When high tooth surface pressures are constant, induction-hardened gear teeth with a minimum surface hardness of 55 Rc should be considered. An example of this would be an excavator or logger that undergoes high acceleration rates and rapid deceleration during a swing cycle. A full root radius with root hardening (see Figure 4) is also recommended; the tooth pattern and depth of hardness are critical here.

Figure 4
Gear teeth are hardened through to their full root radius to resist high surface pressures

Case depth-induction hardened gears
4.00 0.040 0.030
3.50 0.050 0.035
3.00 0.060 0.040
2.50 0.075 0.050
2.00 0.100 0.070
1.75 0.125 0.080
1.50 0.150 0.100


All gears need backlash room. This is especially true of bearing gears, which have large diameters and large center distances that demand greater manufacturing tolerances. Adjusting the center distance between gear and pinion is one way to gain backlash room. This allows a greater gear size tolerance (and extended life) with take-up for wear, which can save money in the long run.

Figure 5
Backlash allowances

backlash (in.)
Maximum backlash (in.)
diametral pitch
1.5 1.75 2 2.5 3,4,5
20 0.014 0.029 0.027 0.025 0.023 0.022
30 0.015 0.030 0.028 0.026 0.024 0.023
40 0.016 0.031 0.029 0.027 0.025 0.024
60 0.018 0.033 0.031 0.029 0.027 0.026
80 0.020 0.035 0.033 0.031 0.029 0.028
100 0.022 0.037 0.035 0.033 0.031 0.030
120 0.024 0.039 0.037 0.035 0.033 0.032


Installation of bearing/gear assemblies should be done in a clean, dry, well-lit area. Housing mounting surfaces and pilots should be unpainted and wiped clean of chips, dirt, and lint, because even soft materials make high spots when entrapped. Any weld spatter, nicks, and burrs should be removed. The bearing can be lifted or hoisted into position using eye bolts in mounting holes (or nonmetallic slings) to prevent damage to bearing surfaces and gear teeth.

Inherent to the hardening process of most turntable bearings is a small gap at one point in the raceway, where loading holes are drilled. These gaps (and load hole plugs, in races with through holes) should be positioned at minimum load points, if possible. Load hole plugs in races with tapped holes or weld rings must be so positioned. With the rotating race, this is done by placing the loading hole 90° off the maximum load zone from moment loading. With the stationary race, this position depends upon the location of the lightest load relative to the lower structure of the machine.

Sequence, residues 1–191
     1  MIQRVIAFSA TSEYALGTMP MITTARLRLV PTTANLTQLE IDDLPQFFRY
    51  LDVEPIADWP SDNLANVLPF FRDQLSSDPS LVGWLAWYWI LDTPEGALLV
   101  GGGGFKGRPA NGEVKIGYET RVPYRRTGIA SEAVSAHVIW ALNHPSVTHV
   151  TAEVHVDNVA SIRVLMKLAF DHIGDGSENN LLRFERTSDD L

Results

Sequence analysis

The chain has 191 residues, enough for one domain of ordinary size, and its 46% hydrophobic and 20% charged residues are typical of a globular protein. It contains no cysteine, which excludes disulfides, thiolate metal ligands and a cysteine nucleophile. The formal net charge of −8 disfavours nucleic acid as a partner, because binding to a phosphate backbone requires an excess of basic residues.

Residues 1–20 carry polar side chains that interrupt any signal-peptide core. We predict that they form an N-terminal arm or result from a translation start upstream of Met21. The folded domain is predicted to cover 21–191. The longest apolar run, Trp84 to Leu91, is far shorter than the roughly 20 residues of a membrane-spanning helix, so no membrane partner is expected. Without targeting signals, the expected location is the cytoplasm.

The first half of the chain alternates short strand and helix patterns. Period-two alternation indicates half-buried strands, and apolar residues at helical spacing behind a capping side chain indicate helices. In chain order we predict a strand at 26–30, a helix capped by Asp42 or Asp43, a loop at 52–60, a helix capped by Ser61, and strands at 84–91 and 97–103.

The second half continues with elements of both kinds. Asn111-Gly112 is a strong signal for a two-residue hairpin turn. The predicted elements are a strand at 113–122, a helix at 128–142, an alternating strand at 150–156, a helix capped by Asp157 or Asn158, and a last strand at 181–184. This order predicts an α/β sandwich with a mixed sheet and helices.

Figure 6
Mounting holes and load holes

Kaydon Bearings - geared slewing rings - mounting holes

For good internal load distribution and smooth, low-torque operation, the bearing should be as round as possible when the bolts are tightened. If one race is doweled or piloted, it should be mounted first whenever possible.

On unpiloted gear bearings, the gear/pinion backlash should be checked and adjusted. The minimum backlash point of the gear is often identified by yellow paint in the tooth space.

There are several things to keep in mind when installing a bearing/gear assembly:

  • Leave all mounting bolts loose until both mating parts are attached to the bearing.
  • While applying a moderate centered thrust load to the bearing, measure the torque required to rotate the bearing and then tighten all bolts to the level prescribed by the bolt manufacturer. This is very important: improperly tightened bolts can fail due to fatigue, putting personnel and equipment at risk.
  • Again measure the torque required to rotate the bearing. If it is greater than the first measurement, the bearing is being distorted. Determine the cause and correct it.